Russian student cultivating special projects at greenhouse

Vlad Orlov is shown in UVU's greenhouse. Orlov, who is originally from Russia, is currently working on a project to automate plant-watering in the greenhouse.

Utah’s climate isn’t exactly hospitable to foreign tropical plants. However, the top floor of the Pope Science building is home to a greenhouse which houses dozens of tropical and arid plants.

Vlad Orlov, a student majoring in Healthcare Administration and staff member at the greenhouse, spends most of his time giving detailed care to the plants, each with their respective habitats.

Orlov’s passion for plants dates back to his childhood. Growing up in Russia, Orlov said plants helped him cope with hardship.

“Life in Russia is pretty hard,” Orlov said. “I think for me studying tropical plants was a way to escape that reality. When I was 9, I went to a tropical greenhouse and was blown away. I think that’s what started my passion for plants.”

As a teenager, Orlov quickly learned that caring for tropicals requires a lot of knowledge. “When I was hired there (Russia), I felt very inadequate compared to everyone else because they were very knowledgeable. I tried to compensate for that by studying just about anything I could find.”

Orlov said he studied college textbooks on tropical plants and studied them vigorously, which gave him greater confidence that he “knew [his] stuff”.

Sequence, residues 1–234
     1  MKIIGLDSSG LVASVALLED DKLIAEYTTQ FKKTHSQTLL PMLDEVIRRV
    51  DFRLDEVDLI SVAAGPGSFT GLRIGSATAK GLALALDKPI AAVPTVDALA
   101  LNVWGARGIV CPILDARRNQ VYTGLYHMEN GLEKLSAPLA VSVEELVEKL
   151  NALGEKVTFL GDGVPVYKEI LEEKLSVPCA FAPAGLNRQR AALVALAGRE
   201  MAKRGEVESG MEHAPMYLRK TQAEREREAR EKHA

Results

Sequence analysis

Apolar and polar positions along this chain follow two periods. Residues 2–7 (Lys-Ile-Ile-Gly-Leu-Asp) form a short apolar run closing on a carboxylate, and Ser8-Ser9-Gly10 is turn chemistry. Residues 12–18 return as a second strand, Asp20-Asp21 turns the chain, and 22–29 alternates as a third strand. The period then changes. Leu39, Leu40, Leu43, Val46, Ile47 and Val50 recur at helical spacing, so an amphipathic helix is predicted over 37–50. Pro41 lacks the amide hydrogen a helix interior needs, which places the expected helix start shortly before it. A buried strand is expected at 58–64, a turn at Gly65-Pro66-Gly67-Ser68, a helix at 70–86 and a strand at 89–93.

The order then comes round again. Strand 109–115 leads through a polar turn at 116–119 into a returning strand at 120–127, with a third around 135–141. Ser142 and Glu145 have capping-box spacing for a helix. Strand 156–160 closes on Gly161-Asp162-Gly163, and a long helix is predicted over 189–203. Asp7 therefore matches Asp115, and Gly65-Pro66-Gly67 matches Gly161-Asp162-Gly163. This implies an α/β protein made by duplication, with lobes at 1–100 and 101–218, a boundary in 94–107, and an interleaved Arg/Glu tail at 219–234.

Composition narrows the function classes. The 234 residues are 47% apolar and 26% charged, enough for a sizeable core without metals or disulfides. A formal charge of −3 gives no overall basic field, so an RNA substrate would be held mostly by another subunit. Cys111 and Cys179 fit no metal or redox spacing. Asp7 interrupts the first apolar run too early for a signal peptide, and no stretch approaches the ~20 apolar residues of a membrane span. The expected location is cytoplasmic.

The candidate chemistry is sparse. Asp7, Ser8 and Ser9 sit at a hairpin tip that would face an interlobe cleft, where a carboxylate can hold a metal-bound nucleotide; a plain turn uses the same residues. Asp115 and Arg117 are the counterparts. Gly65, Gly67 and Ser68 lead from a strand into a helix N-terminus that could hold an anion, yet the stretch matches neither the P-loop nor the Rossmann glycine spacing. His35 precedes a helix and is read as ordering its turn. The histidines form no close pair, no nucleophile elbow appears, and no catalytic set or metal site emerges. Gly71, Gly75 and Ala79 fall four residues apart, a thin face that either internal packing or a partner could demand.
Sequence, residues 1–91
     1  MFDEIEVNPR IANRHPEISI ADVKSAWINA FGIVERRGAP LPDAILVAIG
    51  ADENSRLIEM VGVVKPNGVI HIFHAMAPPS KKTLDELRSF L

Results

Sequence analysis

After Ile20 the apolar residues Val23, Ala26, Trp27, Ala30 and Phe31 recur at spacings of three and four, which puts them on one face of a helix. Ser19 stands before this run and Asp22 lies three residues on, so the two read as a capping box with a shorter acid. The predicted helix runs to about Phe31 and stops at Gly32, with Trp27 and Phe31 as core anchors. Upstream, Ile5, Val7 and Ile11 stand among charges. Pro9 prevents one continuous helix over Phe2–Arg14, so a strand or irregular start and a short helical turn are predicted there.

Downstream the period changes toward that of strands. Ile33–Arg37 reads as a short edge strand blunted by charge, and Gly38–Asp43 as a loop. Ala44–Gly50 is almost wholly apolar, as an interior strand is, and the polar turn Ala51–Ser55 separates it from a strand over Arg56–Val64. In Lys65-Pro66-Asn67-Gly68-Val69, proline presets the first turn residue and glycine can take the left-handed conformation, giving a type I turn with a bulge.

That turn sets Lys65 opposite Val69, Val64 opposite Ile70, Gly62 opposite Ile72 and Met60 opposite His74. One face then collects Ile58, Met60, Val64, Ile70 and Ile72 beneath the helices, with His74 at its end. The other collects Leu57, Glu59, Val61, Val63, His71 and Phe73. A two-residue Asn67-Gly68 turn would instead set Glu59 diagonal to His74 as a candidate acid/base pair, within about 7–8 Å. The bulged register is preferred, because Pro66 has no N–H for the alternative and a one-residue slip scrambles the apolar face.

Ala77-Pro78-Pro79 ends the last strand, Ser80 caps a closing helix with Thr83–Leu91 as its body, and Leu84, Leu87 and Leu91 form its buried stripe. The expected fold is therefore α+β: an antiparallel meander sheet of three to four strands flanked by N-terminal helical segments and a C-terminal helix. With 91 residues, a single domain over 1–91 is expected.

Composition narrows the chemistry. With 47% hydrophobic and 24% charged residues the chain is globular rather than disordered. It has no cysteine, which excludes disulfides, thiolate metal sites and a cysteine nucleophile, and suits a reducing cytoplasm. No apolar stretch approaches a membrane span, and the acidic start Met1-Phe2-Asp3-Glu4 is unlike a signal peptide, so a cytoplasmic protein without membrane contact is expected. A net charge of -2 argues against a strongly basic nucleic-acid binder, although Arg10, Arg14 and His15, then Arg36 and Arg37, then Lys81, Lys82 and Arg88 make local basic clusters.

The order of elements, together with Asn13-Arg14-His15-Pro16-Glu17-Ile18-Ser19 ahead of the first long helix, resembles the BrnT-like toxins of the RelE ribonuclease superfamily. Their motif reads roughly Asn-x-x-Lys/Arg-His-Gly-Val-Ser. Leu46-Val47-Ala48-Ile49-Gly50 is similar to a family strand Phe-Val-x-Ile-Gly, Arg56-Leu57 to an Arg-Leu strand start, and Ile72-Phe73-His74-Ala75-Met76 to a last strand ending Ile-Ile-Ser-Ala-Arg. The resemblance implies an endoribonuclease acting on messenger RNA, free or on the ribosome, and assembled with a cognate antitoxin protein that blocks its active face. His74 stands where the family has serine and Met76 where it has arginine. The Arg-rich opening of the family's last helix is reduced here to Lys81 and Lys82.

Now, Orlov is heavily invested in the activities hosted at the greenhouse. Many of the activities there are done through the Horticulture and Botany Clubs. The greenhouse has expanded its student involvement and plant collections.

The next big project at UVU’s greenhouse is to integrate an automated watering system. Orlov is collaborating with the Greenhouse manager Nick Read to make the designs for this project.

“I was here Christmas Day, New Year’s Eve and New Year’s Day just because things need to be watered every day,” Orlov said. “In the summertime, if you don’t water for one day, most of the plants will just dry out and be dead or nearly dead.”

Orlov labors at the conservatory to provide a space where students can take advantage of the beauty and ambiance. “I’m here a lot more than I’m required to be because I care about the tropical collection. I try to go above and beyond to build it into something that will be more worthwhile.”

Orlov can be found at the monthly plant sales, which are done to the horticulture club.

The next plant sale is February 1 in the SB atrium.

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